In its 41 years of delivering professional theater to Alaska, Perseverance Theater has a new artistic director for the first time since 2007.
In his 12 years as the creative force with Perseverance Art Rotch, who began working with the company in 1988, served most of it in almost impossible dual roles as artistic director and managing director before getting some relief in the latter last year as Perseverance underwent significant overhaul. He stepped down in June and in July, a replacement on the artistic side was named in at least an interim fashion in Leslie Ishii, a longtime performer on stage and screen, most notably in the latter as Laura Straume, the wife of in seasons 4 and 5 on the ABC hit series ‘Lost’.
“I’ve worked with Art Rotch before as director. I’d come up for his educational programs. I’ve always had a good relationship with Art and I wanted to support his stepping back,” Ishii said. “I onboarded July 1 and Frank Delaney, our new managing director a month before me. We just dove in and we’re working to keep operations going. It’s full-steam ahead.”
Ishii said she’s applied for the permanent position and is optimistic about the company’s future.
“I have thrown my hat in the ring, but I’m always of the mindset that Perseverance hires who they feel is right for them,” Ishii said. “I’m excited about this new season… We need more Native American voices in American theater… and Perseverance is giving a lot of Native artists their start. They do a lot of equity work and to get behind that mission is a joy.”
Shortly after Ishii came on board as interim artistic director, the theater made a bold lineup change for the coming season, canceling the classic ‘To Kill a Mockingbird’ — which it had done two years earlier — because of outdated and racist language used in the play, replacing it instead with ‘Silent Sky’, the story of a turn-of-the-century female astronomer not allowed to use telescopic equipment at the Harvard Observatory because she’s a woman.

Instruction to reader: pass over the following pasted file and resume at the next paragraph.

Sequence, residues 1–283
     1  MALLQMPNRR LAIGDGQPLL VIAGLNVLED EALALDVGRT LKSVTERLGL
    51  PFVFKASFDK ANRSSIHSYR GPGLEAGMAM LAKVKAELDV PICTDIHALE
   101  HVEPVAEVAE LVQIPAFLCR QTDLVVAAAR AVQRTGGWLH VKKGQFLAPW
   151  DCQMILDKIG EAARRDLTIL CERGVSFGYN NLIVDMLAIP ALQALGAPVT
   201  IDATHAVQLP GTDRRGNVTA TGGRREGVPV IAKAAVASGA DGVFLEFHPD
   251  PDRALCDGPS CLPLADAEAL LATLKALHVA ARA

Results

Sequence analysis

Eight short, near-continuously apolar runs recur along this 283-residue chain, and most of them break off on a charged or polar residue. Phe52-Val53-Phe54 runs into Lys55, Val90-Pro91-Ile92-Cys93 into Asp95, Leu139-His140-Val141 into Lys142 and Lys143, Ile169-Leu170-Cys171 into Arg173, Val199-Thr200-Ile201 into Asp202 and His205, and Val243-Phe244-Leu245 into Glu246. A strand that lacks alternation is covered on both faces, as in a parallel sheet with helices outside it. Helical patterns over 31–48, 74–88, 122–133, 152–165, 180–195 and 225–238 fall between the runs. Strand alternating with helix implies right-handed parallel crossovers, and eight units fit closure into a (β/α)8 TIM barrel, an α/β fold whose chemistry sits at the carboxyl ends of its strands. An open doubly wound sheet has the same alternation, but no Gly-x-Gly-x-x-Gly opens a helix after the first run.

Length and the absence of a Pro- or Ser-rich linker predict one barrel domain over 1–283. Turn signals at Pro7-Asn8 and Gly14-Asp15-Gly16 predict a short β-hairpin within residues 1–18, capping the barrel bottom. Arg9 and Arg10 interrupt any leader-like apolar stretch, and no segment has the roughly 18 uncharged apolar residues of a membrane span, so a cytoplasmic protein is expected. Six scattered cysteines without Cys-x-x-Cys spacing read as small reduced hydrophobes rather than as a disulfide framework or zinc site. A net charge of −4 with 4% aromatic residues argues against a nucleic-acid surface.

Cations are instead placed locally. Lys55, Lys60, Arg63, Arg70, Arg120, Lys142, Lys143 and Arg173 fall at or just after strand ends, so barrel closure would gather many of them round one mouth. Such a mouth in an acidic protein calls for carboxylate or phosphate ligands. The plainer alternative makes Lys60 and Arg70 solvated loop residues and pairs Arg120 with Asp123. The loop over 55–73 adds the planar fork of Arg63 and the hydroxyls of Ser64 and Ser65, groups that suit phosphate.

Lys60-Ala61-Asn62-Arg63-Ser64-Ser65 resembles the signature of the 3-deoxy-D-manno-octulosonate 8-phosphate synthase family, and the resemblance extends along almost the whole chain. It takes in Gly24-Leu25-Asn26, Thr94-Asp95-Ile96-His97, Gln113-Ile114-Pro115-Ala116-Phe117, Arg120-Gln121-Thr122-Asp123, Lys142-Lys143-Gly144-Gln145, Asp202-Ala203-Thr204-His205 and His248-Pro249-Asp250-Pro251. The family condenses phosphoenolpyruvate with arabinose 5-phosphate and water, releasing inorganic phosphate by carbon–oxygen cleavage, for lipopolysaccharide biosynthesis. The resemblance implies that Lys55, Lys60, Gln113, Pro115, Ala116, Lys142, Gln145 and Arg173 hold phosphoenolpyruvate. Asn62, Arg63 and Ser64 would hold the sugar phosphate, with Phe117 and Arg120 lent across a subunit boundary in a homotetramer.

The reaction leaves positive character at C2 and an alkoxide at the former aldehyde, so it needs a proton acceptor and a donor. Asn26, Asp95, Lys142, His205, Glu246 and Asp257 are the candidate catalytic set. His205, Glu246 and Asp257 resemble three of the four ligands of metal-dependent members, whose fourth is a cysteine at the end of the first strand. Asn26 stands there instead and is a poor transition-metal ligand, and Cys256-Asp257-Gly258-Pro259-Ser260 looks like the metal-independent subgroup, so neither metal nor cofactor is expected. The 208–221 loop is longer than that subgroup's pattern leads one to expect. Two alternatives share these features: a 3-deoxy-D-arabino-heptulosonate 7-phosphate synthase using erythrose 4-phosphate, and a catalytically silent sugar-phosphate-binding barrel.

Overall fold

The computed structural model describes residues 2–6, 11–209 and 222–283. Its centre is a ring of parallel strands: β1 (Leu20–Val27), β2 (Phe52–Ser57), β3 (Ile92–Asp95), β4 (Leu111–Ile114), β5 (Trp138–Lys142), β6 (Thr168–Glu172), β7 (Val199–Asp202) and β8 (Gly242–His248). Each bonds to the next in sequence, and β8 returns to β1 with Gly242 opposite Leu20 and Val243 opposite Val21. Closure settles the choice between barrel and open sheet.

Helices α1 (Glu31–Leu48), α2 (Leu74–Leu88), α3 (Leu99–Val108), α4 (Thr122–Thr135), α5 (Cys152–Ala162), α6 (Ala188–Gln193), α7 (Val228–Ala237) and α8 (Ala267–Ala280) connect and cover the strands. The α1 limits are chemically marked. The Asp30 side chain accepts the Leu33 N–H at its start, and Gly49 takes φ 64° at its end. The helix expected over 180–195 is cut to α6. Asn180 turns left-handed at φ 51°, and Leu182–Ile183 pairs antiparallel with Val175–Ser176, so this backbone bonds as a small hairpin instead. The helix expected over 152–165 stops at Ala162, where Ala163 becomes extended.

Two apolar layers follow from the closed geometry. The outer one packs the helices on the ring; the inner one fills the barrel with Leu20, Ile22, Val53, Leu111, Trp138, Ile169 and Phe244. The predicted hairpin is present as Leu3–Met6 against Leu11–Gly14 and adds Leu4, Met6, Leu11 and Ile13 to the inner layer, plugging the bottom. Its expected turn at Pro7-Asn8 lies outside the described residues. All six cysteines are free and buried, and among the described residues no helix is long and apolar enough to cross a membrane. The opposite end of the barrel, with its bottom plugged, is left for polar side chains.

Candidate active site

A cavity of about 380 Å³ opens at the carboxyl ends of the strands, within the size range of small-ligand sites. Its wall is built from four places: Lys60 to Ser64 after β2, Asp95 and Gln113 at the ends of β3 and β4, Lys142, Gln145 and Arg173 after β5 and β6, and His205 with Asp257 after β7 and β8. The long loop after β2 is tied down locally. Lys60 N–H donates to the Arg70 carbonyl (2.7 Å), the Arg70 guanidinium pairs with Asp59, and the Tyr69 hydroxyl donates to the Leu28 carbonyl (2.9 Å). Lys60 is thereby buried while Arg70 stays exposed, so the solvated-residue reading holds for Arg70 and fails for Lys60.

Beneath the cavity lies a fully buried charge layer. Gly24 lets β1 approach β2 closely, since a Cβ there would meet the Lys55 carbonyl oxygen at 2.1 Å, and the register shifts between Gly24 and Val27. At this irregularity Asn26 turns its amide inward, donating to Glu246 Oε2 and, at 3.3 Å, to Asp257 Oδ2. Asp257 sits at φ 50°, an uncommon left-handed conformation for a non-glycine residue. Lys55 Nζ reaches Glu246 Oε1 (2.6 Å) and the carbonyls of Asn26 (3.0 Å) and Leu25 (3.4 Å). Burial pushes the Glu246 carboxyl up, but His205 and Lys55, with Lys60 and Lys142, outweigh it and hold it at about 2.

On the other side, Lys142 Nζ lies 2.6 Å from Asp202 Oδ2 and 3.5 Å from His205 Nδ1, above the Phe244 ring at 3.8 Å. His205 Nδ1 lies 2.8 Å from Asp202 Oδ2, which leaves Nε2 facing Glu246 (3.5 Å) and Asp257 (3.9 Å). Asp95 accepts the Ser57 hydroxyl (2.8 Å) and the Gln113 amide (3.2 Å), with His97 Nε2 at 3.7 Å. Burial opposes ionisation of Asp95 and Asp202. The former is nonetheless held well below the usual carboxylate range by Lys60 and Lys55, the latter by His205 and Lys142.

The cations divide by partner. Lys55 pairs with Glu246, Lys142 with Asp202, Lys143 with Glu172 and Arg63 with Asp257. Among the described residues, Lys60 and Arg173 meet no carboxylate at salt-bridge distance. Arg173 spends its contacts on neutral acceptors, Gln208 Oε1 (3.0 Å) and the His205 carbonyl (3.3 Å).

“Silent Sky is really causing an inferno, centering on marginalized voices,” Ishii said. “It’s based on an actual figure, Henrietta made significant discoveries in the astronomy world and was one of the first women to work in the department… (Playwright Lauren) Gunderson has taken real history and just done a fantastic job with it. It’s a good, solid play. There’s humor, a love interest, but it’s also got some wonderful and interesting research about science and industry.”
Silent Sky closes the Anchorage Season running, Feb. 28-March 6. Prior to that, Perseverance puts on its holiday standard, ‘A Christmas Carol’, which always plays to packed houses. The theater just concluded its first show of the 2019-2020 season with Steve Martin’s ‘The Underpants’ and starting on Oct. 25, Ishii will direct ‘Devilfish’, the season’s Alaska-themed show written by Alaska Native Vera Starbard.
A Devilfish is a sea monster akin to a Kraken of Scandinavian lore, and Starbard’s story takes place in prehistoric Alaska with a young girl named Aateinatu as its protagonist. Starbard’s last Perseverance piece was ‘Our Voices Will Be Heard’, which tackled the issue of domestic violence and child abuse in Native communities.
“I look at how we’re centering on voices that are often underrepresented,” Ishii said. “‘Our Voices Will Be Heard’ was a real breakthrough in talking about domestic violence. Vera is a powerful voice on that subject, coming from that community. It’s a voice we haven’t heard — certainly in the American theater. A Native voice addressing those issues is game-changing.”
Ishii believes pieces like Starbard’s can help not only Perseverance succeed, but also promote the betterment of life in Alaska as a whole.
“I really believe theater is transformative and needed for our times,” she said. “It brings a sense, at times, of healing, justice, themes and issues of underrepresented voices to the table. We all get to grow and learn and be expanded in that live performance. It’s a conversation with the community.”